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The Wrackham Memoirs by May Sinclair

I

The publishers told you he behaved badly, did they? They didn't know the truth about the “Wrackham Memoirs.”

You may well wonder how Grevill Burton got mixed up with them, how he ever could have known Charles Wrackham.

Well, he did know him, pretty intimately, too, but it was through Antigone, and because of Antigone, and for Antigone's adorable sake. We never called her anything but Antigone, though Angelette was the name that Wrackham, with that peculiar shortsightedness of his, had given to the splendid creature.

Why Antigone? You'll see why.

No, I don't mean that Wrackham murdered his father and married his mother; but he wouldn't have stuck at either if it could have helped him to his literary ambition. And every time he sat down to write a book he must have been disgusting to the immortal gods. And Antigone protected him.

She was the only living child he'd had, or, as Burton once savagely said, was ever likely to have. And I can tell you that if poor Wrackham's other works had been one half as fine as Antigone it would have been glory enough for Burton to have edited him. For he did edit him.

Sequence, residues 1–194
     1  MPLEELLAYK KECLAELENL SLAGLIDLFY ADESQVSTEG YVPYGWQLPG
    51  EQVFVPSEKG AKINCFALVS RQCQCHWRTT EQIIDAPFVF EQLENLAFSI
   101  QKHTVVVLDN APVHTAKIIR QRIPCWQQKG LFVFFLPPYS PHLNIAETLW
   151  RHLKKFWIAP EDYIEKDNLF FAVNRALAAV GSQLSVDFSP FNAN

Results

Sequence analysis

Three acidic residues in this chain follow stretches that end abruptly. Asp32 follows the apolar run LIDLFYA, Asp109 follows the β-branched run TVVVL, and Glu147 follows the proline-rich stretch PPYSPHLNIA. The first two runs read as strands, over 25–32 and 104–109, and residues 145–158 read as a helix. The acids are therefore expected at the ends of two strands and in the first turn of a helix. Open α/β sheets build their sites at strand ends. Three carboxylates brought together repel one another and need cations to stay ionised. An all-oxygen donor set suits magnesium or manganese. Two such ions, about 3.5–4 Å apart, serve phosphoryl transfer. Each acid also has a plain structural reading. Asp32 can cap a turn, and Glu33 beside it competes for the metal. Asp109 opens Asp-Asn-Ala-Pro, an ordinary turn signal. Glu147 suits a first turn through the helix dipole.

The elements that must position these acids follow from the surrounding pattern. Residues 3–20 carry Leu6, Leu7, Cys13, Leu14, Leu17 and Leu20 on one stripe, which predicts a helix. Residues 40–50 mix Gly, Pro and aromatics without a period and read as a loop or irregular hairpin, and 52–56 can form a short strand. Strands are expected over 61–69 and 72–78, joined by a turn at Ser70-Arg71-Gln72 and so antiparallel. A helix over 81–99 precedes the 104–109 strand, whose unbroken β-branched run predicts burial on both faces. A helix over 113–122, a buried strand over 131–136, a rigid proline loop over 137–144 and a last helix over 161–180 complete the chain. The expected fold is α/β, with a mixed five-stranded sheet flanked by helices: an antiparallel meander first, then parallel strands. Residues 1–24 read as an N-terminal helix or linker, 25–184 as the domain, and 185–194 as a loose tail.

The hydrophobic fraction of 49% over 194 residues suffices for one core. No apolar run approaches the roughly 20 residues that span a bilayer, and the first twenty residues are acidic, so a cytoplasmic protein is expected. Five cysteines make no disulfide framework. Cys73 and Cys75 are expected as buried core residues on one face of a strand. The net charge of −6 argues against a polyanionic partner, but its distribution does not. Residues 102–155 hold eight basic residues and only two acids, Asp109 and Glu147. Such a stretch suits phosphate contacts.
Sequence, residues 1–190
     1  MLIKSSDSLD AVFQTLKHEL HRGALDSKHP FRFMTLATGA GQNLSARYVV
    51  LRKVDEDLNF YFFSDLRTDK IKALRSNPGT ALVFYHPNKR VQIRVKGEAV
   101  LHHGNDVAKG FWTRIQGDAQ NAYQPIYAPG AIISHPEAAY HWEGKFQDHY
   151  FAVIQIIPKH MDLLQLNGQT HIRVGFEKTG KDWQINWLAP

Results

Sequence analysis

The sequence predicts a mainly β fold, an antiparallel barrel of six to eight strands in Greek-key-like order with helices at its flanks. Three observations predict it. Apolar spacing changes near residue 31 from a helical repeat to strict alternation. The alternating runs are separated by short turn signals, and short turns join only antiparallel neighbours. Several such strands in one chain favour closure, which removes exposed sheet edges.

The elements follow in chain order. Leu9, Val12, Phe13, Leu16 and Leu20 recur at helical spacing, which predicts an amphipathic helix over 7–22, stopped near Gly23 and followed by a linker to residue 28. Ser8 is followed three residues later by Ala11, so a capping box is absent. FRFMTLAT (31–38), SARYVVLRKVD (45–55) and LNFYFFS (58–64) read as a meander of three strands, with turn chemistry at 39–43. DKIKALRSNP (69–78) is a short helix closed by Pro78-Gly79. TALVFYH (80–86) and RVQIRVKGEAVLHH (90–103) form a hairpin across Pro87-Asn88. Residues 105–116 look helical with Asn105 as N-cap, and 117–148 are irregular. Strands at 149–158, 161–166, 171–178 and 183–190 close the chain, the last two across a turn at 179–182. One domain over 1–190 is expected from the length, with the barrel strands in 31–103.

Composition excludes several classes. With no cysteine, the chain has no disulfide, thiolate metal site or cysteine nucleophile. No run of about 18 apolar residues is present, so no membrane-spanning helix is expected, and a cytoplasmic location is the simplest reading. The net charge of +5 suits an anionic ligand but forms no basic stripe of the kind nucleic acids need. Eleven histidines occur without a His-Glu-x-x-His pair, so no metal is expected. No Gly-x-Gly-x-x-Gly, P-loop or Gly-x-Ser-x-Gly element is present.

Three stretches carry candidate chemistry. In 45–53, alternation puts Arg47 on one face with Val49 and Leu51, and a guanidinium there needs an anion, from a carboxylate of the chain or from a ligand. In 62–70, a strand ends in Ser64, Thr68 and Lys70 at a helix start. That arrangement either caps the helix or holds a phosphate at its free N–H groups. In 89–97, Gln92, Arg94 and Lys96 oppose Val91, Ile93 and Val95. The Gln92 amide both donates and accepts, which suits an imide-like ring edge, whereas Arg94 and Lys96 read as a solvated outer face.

They met first, if you'll believe it, at Ford Lankester's funeral. I'd gone to Chenies early with young Furnival, who was “doing” the funeral for his paper, and with Burton, who knew the Lankesters, as I did, slightly. I'd had a horrible misgiving that I should see Wrackham there; and there he was, in the intense mourning of that black cloak and slouch hat he used to wear. The cloak was a fine thing as far as it went, and with a few more inches he really might have carried it off; but those few more inches were just what had been denied him. Still, you couldn't miss him or mistake him. He was exactly like his portraits in the papers; you know the haggard, bilious face that would have been handsome if he'd given it a chance; the dark, straggling, and struggling beard, the tempestuous, disheveled look he had, and the immortal Attitude. He was standing in it under a yew tree looking down into Lankester's grave. It was a small white chamber about two feet square—enough for his ashes. The earth at the top of it was edged with branches of pine and laurel.